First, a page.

Low Testosterone in Males

Testosterone (T) is a hormone produced in the testicles of men (and in the ovaries of women to a much smaller amount than in men.  Testosterone is often referred to as the male sex hormone.  It is normal for the testosterone level to decrease in men after age 30 at a rate of 1-3% a year but men don’t develop symptoms until late 40 or early 50.  During puberty, testosterone helps young boys develop male physical features like body and facial hair, i.e., a beard, and muscle strength.  Testosterone is also needed to help with the development of sperm.

Low T is defined as a decrease in the blood level of the hormone, usually less than 300ng\dl plus symptoms including decrease in libido or sex drive, lethargy, changes in mood, loss of muscle mass and decreased energy levels.

The diagnosis of low T requires a medical history of symptoms, a physical exam and a blood test that confirms a decrease in the hormone level.

Testosterone replacement is possible using injections of testosterone, topical gels, a nasal spray of testosterone, and insertion of testosterone pellets.  The side effects of testosterone replacement include an increase in red blood cells, acne, reduction in size of the testicles, and infertility.  It is therefore important to discuss with your doctor if you are still planning to have a family as you should not use testosterone replacement therapy.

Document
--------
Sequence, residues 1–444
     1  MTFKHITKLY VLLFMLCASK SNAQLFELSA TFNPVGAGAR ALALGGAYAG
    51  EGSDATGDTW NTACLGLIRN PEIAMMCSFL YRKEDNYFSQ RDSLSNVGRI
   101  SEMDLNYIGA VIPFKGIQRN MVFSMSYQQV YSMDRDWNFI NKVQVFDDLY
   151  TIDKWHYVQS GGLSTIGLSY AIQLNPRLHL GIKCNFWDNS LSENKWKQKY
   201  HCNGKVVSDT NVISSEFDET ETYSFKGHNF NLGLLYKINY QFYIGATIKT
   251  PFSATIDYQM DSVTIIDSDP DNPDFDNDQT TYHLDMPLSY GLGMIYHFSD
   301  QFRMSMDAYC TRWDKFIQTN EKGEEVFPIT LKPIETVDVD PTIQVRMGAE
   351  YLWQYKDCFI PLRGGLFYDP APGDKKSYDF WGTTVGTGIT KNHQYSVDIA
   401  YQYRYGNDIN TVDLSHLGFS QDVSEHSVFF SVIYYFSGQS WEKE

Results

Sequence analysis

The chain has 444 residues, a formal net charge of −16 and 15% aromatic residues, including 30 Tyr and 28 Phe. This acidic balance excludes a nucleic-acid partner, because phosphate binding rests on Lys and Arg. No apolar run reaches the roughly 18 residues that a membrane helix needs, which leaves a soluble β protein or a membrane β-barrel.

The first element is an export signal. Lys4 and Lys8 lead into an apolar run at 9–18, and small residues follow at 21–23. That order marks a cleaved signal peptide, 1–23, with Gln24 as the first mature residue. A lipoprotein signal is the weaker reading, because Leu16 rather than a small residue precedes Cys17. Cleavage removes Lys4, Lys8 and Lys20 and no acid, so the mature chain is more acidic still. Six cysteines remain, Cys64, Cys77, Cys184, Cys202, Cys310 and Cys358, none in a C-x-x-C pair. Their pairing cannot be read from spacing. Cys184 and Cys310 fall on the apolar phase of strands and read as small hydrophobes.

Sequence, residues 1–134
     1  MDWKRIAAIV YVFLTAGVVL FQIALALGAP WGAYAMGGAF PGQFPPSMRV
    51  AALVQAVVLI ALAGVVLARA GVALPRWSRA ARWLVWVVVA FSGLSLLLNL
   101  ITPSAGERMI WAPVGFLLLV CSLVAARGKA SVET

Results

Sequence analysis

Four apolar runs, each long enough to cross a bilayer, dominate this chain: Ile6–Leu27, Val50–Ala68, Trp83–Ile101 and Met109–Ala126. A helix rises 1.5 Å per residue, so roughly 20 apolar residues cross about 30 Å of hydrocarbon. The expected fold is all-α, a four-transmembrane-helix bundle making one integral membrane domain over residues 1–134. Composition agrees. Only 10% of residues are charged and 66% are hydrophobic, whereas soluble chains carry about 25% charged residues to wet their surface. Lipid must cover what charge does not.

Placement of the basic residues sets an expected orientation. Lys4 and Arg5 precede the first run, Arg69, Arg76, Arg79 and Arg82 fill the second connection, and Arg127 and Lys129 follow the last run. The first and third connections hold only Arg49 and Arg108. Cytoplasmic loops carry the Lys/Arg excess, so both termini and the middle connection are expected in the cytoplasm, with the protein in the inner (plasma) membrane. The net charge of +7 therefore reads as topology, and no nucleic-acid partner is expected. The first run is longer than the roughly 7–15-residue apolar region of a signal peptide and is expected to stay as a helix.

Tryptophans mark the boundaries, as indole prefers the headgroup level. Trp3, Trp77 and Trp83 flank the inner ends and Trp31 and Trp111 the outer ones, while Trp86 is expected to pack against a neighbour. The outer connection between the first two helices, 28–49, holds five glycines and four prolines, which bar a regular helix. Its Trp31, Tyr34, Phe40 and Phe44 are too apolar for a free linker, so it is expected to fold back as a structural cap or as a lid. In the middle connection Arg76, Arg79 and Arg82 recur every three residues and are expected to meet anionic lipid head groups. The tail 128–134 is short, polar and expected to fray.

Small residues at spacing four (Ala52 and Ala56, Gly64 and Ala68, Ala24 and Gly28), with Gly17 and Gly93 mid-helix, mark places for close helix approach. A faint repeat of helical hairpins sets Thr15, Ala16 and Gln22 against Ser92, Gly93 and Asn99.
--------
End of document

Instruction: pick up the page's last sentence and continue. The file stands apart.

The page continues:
Caution:
Don’t take testosterone if you don’t have medical reasons for doing so.
Don’t’ take testosterone if your trying to achieve a pregnancy.
If you use testosterone replacement, then get a routine check-up and blood tests at least every six months.

Bottom Line: Millions of American men suffer from low T.  If you have symptoms and a blood test that confirms low testosterone, then you may be a candidate for testosterone replacement therapy.

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